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Getting Personal, But Not Too Personal

 In Content Creation

The whole point of writing a blog, or sending an e-newsletter, or any form of content marketing is to build a relationship with the people who are reading it. In order to build a relationship, you have to share something about yourself.

Of course, the bulk of your content should showcase your expertise and your value. But, for small businesses and service providers, it is important to build a personal relationship as well. Remember, people buy from businesses they know, like and trust.

Getting to know and like you means finding out more about you as a person. But how do you do that? And what kind of information should you share? (And what stuff to keep to yourself!)

It doesn’t take much to sprinkle personal information into your content marketing. It could be a story that you tell about yourself in an article that relates to the topic. Perhaps just a paragraph or a couple of sentences. In an e-newsletter, it can go at the top in the form of a brief personal note. Another great strategy is to include candid pictures of yourself with a simple caption so people can see you in your own environment. Of course, video is a natural way to show your personality through your voice, clothing choices, facial expressions, etc.

Every blog that I follow, column that I read, and newsletter that I actually look forward to getting, shares some personal information. I feel like I am really getting to know them. Building the relationship is critical. Otherwise, regardless of the other content, readers will lose interest and leave.

But, exactly what kind of information is okay to share? Well, it’s personal.

It depends on your own personality, as well as they type of business you run and the kind of clients you are talking to. Some situations lend themselves to more sharing, while others require more restraint. But here are some examples of personal topics you can mention:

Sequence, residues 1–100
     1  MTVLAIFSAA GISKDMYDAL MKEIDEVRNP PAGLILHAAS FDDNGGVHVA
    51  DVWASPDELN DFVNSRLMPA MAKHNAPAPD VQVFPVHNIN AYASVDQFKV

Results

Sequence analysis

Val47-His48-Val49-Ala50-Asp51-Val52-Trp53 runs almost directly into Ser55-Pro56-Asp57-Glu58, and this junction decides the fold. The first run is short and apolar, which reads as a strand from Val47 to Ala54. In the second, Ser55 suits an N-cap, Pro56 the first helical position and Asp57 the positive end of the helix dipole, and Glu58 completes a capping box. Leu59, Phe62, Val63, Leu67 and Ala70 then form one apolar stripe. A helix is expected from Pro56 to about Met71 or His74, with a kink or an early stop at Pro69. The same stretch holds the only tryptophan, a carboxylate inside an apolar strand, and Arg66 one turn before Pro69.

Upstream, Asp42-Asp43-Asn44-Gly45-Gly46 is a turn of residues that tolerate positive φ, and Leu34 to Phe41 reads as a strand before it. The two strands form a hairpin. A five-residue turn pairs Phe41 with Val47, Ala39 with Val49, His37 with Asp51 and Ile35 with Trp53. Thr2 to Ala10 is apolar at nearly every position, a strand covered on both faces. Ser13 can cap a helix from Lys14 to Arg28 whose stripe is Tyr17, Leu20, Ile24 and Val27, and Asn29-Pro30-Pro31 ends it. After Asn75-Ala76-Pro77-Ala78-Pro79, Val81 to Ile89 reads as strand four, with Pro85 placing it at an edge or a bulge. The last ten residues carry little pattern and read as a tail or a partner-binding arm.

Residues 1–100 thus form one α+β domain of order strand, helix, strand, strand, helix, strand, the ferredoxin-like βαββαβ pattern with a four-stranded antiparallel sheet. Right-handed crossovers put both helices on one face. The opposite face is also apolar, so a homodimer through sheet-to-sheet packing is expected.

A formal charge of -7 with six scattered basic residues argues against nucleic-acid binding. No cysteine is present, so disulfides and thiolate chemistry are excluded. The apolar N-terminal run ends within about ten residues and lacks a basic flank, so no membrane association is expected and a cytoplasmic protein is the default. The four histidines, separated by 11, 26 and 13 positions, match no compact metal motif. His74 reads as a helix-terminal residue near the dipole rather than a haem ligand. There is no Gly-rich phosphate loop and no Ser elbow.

• favorite hobbies (anything from gardening, music, sports, etc.)
  • personal events (birthdays, trips, etc.)
  • philanthropic activities
  • pets
  • places you like to go
  • There are some things that fall more into a grey area. If you are a more open person and it makes sense to share these things, then go for it. I’ve seen it done well. But if you aren’t sure, then it’s probably better to be safe. Some grey areas are:

  • family members
  • spiritual beliefs
  • And then there are just a couple of things that are no-nos, no matter how open you are. Except in very rare or extreme circumstances, I recommend keeping these things to yourself:

  • political views
  • personal drama (anything you’d talk to your therapist about!)
  • legal issues
  • I came up against my own grey area this week. I wanted to include something in my e-newsletter about the big Oktoberfest party that my husband and I throw every year. I took some pictures during the party, but when I saw them, I decided that a picture of me in a dirndl was crossing the line. TMI!

    There are as many personal tidbits as there are people. So identify some things that you can start to share in your own content pieces.

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